A world-renowned musician and composer, Dr. José Beviá, professor of music at County College of Morris (CCM), is working to keep the art of orchestral writing alive in the United States and Europe, and across generations. As part of that effort, he has launched a fundraising campaign to hire a 62-piece orchestra in the Czech Republic, the North Czech Philharmonic Teplice, to record his second symphony.
“Working with my students, I have seen first-hand all the benefits music has on people,” says Beviá. “Music is the creative outlet that relieves the pains and struggles of life. It motivates people to become better human beings and gives them structure, purpose and discipline.”
As part of his fundraising campaign, Beviá will be holding a concert with eight of his former students on Saturday, December 21, at 2:30 p.m. at the Madison Public Library, Chase Auditorium. The group will play selections from Bach, Brahms, Ravel, Schulhoff, Faure, Prokofiev and Casella. A suggested donation of $20 is requested.
“This concert is very special for me because these are students who performed with me at CCM and have gone on to study at leading four-year institutions, “says Beviá. “It’s a special honor that they all agreed to come back and help me.”
He also has posted his project to hire the North Czech Philharmonic Teplice on Kickstarter at http://tinyurl.com/ptlycp3
. Kickstarter is a fundraising platform where artists are able to raise money for their creative endeavors.
Included among Beviá’s numerous honors and awards, he is the recipient of the 2010 International Music Prize for Excellence in Composition from the National Academy of Music and the Municipal Conservatories of Neapolis and Sykies in Greece. He received that prize for Three Enigmas, a contemporary classical composition. Following a successful premiere in New York City this past spring of his most recent composition, Noit-Alimissat, that piece was selected by the Sydney Contemporary Orchestra for its Music Contemporary 2014 program.
Beviá’s goal is to raise $8,000 to hire the North Czech Philharmonic Teplice and Vit Micka, an internationally respected conductor, to record his second symphony, Symphony No. 2, next summer. Beviá is responsible for paying all costs, including each of the 62 musicians’ fees, and will be covering expenses above the $8,000 from his own savings.
“My hope is to facilitate keeping traditional orchestral writing alive in the United States and Europe, and to inspire the next generation of musicians and composers,” he says.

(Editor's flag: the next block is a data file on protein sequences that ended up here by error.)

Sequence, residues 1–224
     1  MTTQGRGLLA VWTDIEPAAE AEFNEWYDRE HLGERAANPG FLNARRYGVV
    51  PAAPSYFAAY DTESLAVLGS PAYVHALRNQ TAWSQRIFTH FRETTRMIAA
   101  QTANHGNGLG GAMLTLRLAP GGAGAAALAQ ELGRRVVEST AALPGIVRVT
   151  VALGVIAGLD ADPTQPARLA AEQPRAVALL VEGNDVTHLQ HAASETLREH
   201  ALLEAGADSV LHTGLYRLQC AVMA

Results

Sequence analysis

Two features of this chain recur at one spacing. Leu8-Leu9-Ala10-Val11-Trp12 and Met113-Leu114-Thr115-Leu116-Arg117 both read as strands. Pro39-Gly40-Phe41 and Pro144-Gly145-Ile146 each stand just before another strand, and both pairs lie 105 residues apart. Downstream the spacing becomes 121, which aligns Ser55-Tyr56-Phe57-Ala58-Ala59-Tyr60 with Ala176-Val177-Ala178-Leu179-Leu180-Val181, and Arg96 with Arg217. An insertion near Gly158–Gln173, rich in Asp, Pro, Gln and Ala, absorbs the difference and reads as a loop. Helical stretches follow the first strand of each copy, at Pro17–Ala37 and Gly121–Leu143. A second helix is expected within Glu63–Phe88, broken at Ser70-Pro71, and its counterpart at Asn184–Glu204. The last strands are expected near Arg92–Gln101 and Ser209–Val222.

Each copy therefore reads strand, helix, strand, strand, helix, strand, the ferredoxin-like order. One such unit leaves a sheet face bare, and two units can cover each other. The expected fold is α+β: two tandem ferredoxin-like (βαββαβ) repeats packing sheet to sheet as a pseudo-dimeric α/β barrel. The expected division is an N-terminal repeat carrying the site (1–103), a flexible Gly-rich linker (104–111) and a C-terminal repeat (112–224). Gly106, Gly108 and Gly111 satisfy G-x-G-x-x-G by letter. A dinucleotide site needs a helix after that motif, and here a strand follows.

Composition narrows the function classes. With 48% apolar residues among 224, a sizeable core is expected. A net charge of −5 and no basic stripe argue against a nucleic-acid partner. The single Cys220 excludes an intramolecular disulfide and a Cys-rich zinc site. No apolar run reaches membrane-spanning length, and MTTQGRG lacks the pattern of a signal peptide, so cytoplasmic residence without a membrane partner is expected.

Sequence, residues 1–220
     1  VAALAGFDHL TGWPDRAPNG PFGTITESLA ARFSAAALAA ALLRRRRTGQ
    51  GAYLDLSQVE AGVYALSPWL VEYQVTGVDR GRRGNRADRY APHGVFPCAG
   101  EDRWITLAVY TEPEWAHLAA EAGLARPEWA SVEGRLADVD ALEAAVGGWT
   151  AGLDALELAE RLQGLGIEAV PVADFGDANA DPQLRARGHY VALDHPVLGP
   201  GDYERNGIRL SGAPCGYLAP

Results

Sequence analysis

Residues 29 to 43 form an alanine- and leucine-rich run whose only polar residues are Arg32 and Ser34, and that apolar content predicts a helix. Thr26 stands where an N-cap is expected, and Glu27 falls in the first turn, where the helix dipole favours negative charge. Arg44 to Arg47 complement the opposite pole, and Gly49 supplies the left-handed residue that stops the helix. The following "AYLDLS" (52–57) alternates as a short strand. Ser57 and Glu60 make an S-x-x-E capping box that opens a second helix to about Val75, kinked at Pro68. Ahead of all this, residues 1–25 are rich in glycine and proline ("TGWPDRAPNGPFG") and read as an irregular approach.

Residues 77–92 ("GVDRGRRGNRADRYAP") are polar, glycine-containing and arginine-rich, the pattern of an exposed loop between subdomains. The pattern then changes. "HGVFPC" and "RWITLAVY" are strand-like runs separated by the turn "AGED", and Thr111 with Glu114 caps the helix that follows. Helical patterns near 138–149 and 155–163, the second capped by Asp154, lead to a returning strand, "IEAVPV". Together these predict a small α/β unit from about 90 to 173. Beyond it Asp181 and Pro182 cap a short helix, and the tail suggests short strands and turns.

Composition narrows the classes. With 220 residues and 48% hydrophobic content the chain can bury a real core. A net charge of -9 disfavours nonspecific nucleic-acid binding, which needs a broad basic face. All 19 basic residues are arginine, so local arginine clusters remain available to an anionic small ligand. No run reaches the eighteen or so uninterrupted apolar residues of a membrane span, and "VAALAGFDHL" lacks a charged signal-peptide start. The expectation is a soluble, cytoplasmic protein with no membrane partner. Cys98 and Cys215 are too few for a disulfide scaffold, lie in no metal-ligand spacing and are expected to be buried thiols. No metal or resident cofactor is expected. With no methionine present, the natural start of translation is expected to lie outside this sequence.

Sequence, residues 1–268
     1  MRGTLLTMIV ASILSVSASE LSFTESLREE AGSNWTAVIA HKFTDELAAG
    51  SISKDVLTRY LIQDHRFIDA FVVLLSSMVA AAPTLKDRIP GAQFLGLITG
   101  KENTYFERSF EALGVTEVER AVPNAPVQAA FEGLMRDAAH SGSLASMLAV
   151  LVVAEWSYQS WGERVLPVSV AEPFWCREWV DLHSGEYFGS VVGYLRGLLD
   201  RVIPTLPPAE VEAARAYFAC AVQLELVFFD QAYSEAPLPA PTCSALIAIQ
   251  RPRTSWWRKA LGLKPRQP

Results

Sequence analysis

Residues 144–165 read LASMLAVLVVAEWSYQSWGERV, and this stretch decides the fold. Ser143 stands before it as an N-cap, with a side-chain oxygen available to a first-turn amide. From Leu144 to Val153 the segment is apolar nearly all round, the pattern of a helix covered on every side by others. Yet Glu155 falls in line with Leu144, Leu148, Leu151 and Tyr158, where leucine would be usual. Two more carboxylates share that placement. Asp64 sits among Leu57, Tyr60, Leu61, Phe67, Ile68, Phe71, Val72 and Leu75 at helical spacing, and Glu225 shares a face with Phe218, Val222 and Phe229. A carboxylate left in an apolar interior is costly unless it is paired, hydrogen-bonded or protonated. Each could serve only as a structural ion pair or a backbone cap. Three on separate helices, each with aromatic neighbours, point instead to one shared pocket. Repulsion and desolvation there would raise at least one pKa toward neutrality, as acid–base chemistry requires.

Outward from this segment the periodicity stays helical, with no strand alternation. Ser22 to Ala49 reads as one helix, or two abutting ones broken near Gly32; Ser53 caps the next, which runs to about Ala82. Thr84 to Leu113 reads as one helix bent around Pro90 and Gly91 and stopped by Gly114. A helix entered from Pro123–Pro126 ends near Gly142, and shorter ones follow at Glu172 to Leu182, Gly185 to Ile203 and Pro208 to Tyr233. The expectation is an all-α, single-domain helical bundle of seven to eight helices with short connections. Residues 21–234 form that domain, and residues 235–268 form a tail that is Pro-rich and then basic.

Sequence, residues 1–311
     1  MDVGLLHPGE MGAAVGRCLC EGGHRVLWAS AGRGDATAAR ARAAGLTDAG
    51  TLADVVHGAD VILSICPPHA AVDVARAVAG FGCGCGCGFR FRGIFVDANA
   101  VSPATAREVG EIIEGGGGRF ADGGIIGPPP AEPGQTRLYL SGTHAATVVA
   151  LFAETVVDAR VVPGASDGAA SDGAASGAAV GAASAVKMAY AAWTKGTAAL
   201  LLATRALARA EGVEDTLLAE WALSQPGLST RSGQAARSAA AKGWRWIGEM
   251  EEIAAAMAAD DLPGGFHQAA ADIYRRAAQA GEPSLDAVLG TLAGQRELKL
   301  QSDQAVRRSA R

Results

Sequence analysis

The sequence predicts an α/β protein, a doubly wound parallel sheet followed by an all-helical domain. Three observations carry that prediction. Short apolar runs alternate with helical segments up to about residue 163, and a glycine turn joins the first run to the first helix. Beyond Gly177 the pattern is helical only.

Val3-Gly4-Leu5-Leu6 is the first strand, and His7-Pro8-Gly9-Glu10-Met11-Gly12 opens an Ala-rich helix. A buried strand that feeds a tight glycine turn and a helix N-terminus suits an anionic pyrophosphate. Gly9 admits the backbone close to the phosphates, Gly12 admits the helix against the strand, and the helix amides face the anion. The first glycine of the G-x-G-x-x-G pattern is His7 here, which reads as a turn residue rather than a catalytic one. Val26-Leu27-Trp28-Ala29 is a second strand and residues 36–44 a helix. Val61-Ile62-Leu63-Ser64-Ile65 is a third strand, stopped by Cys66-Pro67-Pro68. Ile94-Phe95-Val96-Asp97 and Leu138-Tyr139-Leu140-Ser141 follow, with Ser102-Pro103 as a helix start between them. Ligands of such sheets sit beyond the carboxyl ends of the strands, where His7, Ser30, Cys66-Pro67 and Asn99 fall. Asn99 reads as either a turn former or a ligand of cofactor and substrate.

Beviá’s compositions and arrangements, including his first symphony, have been performed by a variety of orchestras and musical artists, including the Moravian Philharmonic Orchestra, the Atlanta Symphony Orchestra, the BMI/New York Jazz Orchestra, the Millennium Jazz Orchestra, Wynton Marsalis and the Jazz at Lincoln Center Orchestra, and the Marcus Roberts Trio. He also is the winner of the 2011 Lee Ettelson Composer’s Award, the 2007 BMI Foundation Charlie Parker Composition Prize, and the 2006 University of West Florida Phillips Jazz Piano Competition.
His second symphony, he says, was inspired by the view of the New York City skyline from his home in West New York.
At CCM, Beviá teaches music theory, electronic music and piano, among other courses. He also is director of the CCM Chamber Ensemble.
Playing with him at the December concert in Madison are former CCM students, Sarah Dimichino (piano), piano technology, Western University, Canada; Vincent Assante (violin), music performance, Montclair State University; Justin Leuwi (cello), music education, William Paterson University; Kelly Miller (soprano), music performance, New York University; Bethany Damato (flute), music education, William Paterson University; Anouska Swaray (flute), music education, New York University; Christina Pilaar (clarinet), music therapy, Montclair State University; Jackie Briggs (soprano), music performance, The College of New Jersey; and current CCM student Patricia Anselmo, (flute).